You have to make them work, not only to get things done in the web of interdependencies that characterize most jobs, but also to keep your position. Leaders need support—from their subordinates, customers, and most importantly, their bosses. When that support vanishes, so do their careers. This lesson holds true regardless of your job performance and track record.

Do it, Japan Inc.: go against the most fundamental of human tendencies

The Wikipedia entry for Elon Musk, CEO of the $26 billion electric car company Tesla Motors, says it all: “Elon R. Musk is a South African-born Canadian-American business magnate, inventor and investor.” Musk, like Sergey Brin, co-founder of Google; Andrew Grove, co-founder and retired CEO of Intel; Winston Chen, who built Solectron into a large contract manufacturer before its acquisition by Flextronics; and scores of others illustrate precisely what is required to succeed in an increasingly globalized world: an eagerness to embrace talent regardless of its origins or accents, or, for that matter, gender, as the career of Sheryl Sandberg, chief operating officer of Facebook demonstrates.

Lessons in Power from the Chris Christie Kerfuffle

There are numerous lessons from the Chris Christie “bridgegate” scandal for people in high-profile leadership roles. Here are a few.

Sorry, Kids, Corporate Power Hasn’t Changed

Today’s work world is increasingly populated by millennials with values presumably different from more-senior employees—more egalitarian, less competitive, more meritocratic, less accepting of hierarchy, and more tolerant of all forms of diversity. And if that’s true, surely companies are changing, which means we need new theories about power and influence to reflect these new cultural realities. Strategically expressing anger, building a power base, or eliminating rivals are considered outmoded ways of getting ahead. Certainly, the reasoning goes, in a world where reputations get created and transmitted quickly and anonymously through ubiquitous social networks, people who resort to such bad behavior will suffer swift retribution.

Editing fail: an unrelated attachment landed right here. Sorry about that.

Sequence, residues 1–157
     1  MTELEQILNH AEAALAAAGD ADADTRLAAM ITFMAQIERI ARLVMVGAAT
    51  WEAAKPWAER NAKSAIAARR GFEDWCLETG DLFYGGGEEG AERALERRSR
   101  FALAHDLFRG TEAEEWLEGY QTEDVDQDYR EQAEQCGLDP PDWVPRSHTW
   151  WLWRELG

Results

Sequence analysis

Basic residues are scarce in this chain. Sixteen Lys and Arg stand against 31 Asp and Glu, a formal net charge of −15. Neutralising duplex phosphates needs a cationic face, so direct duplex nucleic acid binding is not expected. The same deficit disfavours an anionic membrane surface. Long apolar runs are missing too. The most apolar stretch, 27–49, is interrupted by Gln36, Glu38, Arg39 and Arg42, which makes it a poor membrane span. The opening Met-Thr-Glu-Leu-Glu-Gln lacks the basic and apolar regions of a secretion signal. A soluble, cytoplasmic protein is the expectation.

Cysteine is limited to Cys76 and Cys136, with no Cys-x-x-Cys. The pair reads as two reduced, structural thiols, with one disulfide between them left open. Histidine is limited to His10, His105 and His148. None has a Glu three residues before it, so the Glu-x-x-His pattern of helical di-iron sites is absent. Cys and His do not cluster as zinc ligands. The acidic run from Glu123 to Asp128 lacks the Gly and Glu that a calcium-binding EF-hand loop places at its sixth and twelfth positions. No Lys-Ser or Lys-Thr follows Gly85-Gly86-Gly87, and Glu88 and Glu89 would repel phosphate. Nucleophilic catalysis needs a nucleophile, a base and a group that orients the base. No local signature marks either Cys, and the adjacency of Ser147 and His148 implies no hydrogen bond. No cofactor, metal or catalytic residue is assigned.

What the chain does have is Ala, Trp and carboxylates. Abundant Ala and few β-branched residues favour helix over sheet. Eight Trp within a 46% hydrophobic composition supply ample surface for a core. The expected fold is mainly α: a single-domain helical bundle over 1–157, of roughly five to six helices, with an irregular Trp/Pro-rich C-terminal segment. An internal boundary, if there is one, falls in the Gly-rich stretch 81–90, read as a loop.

When Did Business School Become All About the Parties?

The discussions of the role of social class at Harvard Business School apply to all the leading business schools where, like the rest of the world, inequality in wealth has grown tremendously. But these discussions mostly miss the underlying cause of the problem: Students from all social backgrounds who gain admission to top schools all have the intellectual horsepower to effectively compete with their classmates in academics. Not all students have equal ability to compete when it comes to participating in and throwing lavish parties. Unfortunately, as the New York Times makes clear with its revelations about the ultra-wealthy members of the mysterious “Section X” at HBS, business school has become way more about the parties than about the course work, which has left poorer students at a social—and professional—disadvantage.